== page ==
3. What are the social impacts of artificial intelligence?
I will talk more about ethical issue in 4. but some positive and negative impact of ML are already visible today. ML algorithms have been successfully used to identify certain types of cancer on radiographies with better precision than doctors.
However, ML algorithms have also caused some deaths and much distress. Of note is the car accident involving a Uber self-driving car in which a pedestrian was killed. But more insidious are all the cases in which some ML algorithms “take decisions” or inform decisions on biased or insufficient data with negative consequences for the people affected by these decisions. For example, it has been demonstrated that algorithms used to sentence people in the USA were biased against Black people.
4. What are the dangers of artificial intelligence and how would you mitigate those as a society?
Tyranny of convenience: everybody likes to live a convenient life, minimize frictions, problems, difficulties. There are many many tasks that could be fulfilled by AI/ML algorithms and make our lives more convenient. Facebook is, for better or worse, a very good example if AI/ML algorithms used to ease our lives: tagging friends automatically, suggesting friends and products and news, etc. However, this convenience comes at a price: the echo chamber, the loss of privacy, the lack of transparency, the biased data.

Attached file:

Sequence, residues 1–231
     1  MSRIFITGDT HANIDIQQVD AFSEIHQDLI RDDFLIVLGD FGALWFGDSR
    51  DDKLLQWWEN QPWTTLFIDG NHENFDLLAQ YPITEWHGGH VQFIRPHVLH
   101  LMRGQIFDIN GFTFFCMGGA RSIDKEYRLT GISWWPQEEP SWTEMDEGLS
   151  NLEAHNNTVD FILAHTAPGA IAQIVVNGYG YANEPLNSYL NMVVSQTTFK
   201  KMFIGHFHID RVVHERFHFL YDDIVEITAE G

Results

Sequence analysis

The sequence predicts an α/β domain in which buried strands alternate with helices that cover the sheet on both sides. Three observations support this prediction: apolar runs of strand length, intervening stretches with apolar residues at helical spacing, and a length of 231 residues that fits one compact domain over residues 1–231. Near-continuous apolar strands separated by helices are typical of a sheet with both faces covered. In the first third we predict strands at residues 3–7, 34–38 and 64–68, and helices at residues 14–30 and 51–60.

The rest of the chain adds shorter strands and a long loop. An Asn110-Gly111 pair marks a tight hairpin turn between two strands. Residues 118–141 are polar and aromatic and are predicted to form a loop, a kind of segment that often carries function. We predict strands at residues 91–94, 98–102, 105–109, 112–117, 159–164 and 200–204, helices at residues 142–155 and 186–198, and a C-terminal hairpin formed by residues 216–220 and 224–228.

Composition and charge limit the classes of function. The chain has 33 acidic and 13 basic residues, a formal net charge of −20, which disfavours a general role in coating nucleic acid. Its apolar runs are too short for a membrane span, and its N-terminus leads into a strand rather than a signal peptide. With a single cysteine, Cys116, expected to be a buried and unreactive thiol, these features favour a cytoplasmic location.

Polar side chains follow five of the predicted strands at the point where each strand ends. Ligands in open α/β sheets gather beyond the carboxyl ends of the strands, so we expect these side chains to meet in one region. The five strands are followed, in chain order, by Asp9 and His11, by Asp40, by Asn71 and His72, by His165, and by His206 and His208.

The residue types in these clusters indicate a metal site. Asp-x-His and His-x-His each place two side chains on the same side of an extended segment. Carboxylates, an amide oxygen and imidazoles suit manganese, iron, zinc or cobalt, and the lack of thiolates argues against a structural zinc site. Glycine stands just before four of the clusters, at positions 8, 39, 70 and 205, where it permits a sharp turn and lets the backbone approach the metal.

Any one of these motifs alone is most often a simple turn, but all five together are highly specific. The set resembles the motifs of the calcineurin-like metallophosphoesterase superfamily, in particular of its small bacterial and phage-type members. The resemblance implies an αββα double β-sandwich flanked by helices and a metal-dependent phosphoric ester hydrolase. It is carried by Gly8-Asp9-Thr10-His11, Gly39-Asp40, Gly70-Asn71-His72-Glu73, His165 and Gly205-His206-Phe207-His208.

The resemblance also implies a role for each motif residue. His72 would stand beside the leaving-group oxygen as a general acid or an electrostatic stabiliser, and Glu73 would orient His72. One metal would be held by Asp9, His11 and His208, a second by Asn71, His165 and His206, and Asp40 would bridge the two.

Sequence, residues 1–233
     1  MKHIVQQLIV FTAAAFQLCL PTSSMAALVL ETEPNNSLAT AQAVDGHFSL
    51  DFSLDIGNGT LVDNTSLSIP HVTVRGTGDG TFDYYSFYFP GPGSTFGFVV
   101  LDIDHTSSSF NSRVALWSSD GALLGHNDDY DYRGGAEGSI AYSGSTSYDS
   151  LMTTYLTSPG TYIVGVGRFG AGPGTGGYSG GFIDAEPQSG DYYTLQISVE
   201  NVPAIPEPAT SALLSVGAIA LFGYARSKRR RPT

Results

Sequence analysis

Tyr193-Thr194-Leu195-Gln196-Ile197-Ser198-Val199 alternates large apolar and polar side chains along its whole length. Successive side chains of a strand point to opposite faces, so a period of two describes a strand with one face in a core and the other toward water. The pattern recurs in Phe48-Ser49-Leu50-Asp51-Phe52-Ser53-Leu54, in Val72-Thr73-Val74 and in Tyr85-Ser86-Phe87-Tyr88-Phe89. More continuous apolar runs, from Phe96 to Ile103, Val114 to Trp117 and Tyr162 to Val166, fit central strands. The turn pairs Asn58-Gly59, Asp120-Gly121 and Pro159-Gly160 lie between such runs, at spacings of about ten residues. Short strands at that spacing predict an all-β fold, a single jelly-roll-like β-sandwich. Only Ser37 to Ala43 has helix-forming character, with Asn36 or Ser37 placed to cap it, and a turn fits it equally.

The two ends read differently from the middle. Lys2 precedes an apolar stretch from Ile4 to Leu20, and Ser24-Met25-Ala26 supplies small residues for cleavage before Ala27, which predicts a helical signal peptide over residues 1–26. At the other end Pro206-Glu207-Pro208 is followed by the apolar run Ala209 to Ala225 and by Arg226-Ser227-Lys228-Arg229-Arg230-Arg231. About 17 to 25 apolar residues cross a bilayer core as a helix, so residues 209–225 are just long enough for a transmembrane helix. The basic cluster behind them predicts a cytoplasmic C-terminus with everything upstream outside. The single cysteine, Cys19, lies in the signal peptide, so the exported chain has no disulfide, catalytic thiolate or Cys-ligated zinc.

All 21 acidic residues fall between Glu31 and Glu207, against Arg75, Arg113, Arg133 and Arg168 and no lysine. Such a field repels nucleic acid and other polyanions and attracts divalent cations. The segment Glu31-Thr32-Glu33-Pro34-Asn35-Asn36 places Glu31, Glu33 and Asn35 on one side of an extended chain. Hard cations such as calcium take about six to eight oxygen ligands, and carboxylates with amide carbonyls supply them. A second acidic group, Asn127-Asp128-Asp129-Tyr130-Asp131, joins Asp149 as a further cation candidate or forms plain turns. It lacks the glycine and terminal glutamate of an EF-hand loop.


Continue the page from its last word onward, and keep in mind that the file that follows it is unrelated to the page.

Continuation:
Milgram experiment: humans tend to obey authority figures and computer programs are certainly thought by many as authoritative. Who has never witnessed someone saying “the computer says…” or “I cannot do that, the computer doesn’t let me”. The danger here is to have people silently and blindly obey whatever a computer tells them to do, even if they have no idea who programmed the computers and how the computers reach this or that decision. For example, some courts (in the USA at least) use algorithms to decide bails. While the purpose was to make the decision more systematic (and hence fair), the algorithms assess risks based on data integrating racial biases and, consequently, unfair to non-white people.
5. When will artificial intelligence be considered a sentient being and what should be our responsibility towards said being?
Now we are touching on philosophy more than on computer science. I can only provide some ideas but you should ask some philosophers. As far as I know, the Turing Test is a test that could allow a human to judge whether some entity (human or machine) is actually sentient. Besides the problem that the entity could just remain silent and prevent the judge to reach any conclusion, another problem is that a machine could mimic a human just long enough to foul the judge but not longer. True (general) AI could exist. Actually, Bostrom makes a compelling argument that intelligence ("consciousness" in the work by Bostrom) is substrate-independent, i.e., it does not depend on a carbon-based biology.
If a true human-level AI was ever created, then, IMHO, it should be treated like any other human and have the same rights and responsibility. After all, if one day we can upload the entire brains of some people into some computers, they would still remain people so, conversely, if one day we can create artificial intelligences, they would be people too.
To go back on intelligence and instincts, I cannot finish without talking about the famous three Laws of Robotics (which became four later) introduced by Asimov. For these Laws to work and be embedded in AI, IMHO, the AI will need some basic, instinctive knowledge and also rules (to codify these Laws). Finally, can AI exist without a physical body?